New School, New Students, New Garden



November 21st was a fantastic day at the new KELSET Elementary School. The day was crisp and windy, but the rain held off as we got to work with our shovels and rakes.

As a part of HAT's Green Spots education program, 6 classes from Kindergarten to grade 5 planted the naturescape garden with over 200 native shrubs and trees. The students planned the garden, deciding where the plants would go and which features will be included in the space.

Thank you to all the students and staff at KELSET for all of their hard work, and to the parent volunteers who came out to lend a hand. JB and Earl Claxton Jr. from the TSAWOUT First Nations Community were there as well, and Dave Friend of Friendly organics. There were special appearances at the end of the day from Holly Arntzen and Kevin Wright, as well as HAT's own Garry Oakley! Shaw Daily came to cover the event, so keep your eyes open for the segment on TV.

The garden will be used as an outdoor classroom by the staff at KELSET, where students can learn about the local ecosystem and the history of the land around them. This is just the first part of the natural school ground that is planned for the new school.



Creek flows backwards on BC Rivers Day

RiverSong is an annual event on BC Rivers Day at Cuthbert Holmes Park where the community sings the salmon home to their creek of birth. The District of Saanich, Gorge Waterway Initiative, Friends of Cuthbert Holmes Park, and community elders hosted residents in the forest with a tea tent and conversation on how to protect their ancient spawning grounds. Thanks to a flooding tide, the water in Colquitz Creek flowed upstream as residents toured along its banks with HAT's Todd Carnahan. Many learned about habitat conservation and human impacts as the Colquitz Creek watershed continues to develop. Below, residents watch a Belted Kingfisher dive for minnows.riversong_tour_colquitz_view.jpg


Tiny Snakes in Shrinking Habitats

This little critter would sit neatly on a loonie, but he'd rather hide under a rock pile or rotten log in some woodland.  More unicorns have been spotted in our region than Sharp-tailed Snakes because most haven't even heard of Sharpies.  Despite their probable objections, HAT is trying to increase the little serpent's profile so that it can persist for another few thousand years in our region.   This snake and 117 other Species at Risk in the same habitats (Garry oak ecosystems) are facing the greatest threat since the ice age - explosive urban development.  For three years HAT and biologist Christian Engelstoft have been locating previously unknown Sharpie populations from Metchosin to Galiano Island with the help of landowners with suitable habitats.  We want to know where the snakes live so that as development occurs, their needs are taken into consideration.  We're only now learning about their habitat requirements and what it will take to maintain this biological hotspot called Southern Vancouver Island.  For more information on this project including a comparison of Sharpies to garter snakes, click here.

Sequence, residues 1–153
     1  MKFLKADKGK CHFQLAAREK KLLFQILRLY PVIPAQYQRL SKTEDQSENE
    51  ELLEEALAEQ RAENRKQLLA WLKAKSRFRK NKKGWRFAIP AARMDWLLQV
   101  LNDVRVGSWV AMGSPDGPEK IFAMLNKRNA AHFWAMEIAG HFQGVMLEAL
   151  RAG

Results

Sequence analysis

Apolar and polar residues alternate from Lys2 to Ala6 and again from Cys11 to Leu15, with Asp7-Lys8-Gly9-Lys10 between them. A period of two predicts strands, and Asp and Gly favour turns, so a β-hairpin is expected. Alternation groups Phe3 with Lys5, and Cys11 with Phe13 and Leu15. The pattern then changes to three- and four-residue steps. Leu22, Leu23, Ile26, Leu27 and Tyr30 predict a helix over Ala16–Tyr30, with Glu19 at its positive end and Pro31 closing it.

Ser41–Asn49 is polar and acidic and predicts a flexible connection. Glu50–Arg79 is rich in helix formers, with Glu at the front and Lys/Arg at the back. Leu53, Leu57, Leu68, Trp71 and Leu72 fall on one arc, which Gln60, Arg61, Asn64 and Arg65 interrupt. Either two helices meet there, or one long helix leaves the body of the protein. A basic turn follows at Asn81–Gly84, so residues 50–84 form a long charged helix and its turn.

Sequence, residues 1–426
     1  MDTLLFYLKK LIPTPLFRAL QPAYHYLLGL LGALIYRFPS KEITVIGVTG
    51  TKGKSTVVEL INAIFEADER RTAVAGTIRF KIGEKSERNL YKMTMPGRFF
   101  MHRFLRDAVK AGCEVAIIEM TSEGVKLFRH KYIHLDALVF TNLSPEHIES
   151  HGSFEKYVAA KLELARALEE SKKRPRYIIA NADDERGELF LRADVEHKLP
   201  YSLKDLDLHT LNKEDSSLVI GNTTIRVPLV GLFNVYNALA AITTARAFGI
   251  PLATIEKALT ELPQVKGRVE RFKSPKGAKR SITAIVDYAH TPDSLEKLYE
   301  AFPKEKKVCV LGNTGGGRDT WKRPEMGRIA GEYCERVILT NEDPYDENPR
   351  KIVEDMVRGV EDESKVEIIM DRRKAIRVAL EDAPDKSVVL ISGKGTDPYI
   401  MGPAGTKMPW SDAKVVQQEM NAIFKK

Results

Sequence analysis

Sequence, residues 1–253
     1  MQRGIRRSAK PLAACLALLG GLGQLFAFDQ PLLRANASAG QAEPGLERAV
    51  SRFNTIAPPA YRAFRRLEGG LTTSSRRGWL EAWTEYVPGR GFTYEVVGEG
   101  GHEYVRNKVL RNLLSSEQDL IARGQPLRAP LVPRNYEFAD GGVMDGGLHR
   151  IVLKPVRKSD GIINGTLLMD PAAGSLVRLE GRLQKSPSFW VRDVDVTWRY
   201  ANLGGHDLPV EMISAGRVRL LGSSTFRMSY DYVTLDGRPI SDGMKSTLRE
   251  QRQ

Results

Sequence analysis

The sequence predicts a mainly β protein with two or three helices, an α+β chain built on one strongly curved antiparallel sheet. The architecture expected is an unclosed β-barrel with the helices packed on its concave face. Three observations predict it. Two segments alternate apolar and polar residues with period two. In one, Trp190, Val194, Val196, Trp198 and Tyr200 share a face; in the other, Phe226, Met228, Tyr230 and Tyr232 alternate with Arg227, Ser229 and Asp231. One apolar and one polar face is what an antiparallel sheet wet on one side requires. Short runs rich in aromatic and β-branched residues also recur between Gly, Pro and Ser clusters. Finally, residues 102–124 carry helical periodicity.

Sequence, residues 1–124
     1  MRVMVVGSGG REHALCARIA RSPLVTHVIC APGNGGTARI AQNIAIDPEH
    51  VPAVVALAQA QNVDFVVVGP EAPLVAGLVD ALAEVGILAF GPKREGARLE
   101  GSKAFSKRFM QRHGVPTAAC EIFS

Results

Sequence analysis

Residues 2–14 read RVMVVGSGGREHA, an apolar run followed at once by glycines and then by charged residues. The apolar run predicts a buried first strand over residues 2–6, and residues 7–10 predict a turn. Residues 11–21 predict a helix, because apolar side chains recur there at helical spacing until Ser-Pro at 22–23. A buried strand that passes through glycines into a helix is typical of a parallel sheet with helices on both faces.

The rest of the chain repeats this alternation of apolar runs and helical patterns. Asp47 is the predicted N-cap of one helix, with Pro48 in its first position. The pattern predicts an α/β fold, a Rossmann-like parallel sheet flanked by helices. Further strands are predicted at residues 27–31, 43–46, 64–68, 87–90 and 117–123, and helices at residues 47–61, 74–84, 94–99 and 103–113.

Tiny Snakes in Shrinking Habitats

An adult Sharpie would sit neatly on a loonie, but he'd prefer to hide in a rock pile or rotten log. Of course few people ever see one since they avoid sunlight. If you did see one, you might mistake it for a worm.   The Sharp-tailed Snake is Endangered, and it's only found in this part of Canada.

For three years HAT and biologist Christian Engelstoft have been meeting with landowners with suitable habitats for this rare snake: south-facing open woodlands with rocky slopes and downed wood.  We're focusing our efforts in the Highlands, Methchosin, and Galiano Island to discover previously unknown populations and to determine the extent of known populations.

Isolated by geography and their lack of wings, Sharpies are very vulnerable to habitat loss as a result of the explosive expansion of urban development in our region.  This darling mini-serpent isn't the only one hoping to keep their home - 117 Species at Risk need the same oak and arbutus woodland habitats to survive.  They've lived here for thousands of years, but we're only beginning to learn about their needs, and what it will take to maintain the rich biodiversity of our region.

Find out the difference between Sharpies and garter snakes here. Let us know if you see one, and take a photo!



Headwaters to Deepwaters II Conference Nov 7-9

SeaChange Marine Conservation Society, Saanich Inlet Protection Society and Peninsula Streams Society invite you

to join us at Headwaters to Deepwaters II: a conference bringing together scientists, governments, stewardship groups and communities to address the urgent need to inform ourselves about the present health of the entire Saanich Inlet and what we can do to improve it.

Conference Events

Friday November 7th (day): Science Symposium—Indicators of Ecosystem Health

Friday November 7th (evening): Saanich Inlet—A Celebrations Art Show & Reception

Saturday November 8th Saanich Inlet—Community Stewardship Fair

Sunday November 9th: Saanich Inlet—Stewardship & Restoration (field trips)

For more information and to register see:

For groups interested in participating in the Community Stewardship Fair, Saturday November 8th, please contact Judith Cullington This email address is being protected from spambots. You need JavaScript enabled to view it. or 250-391-8772.



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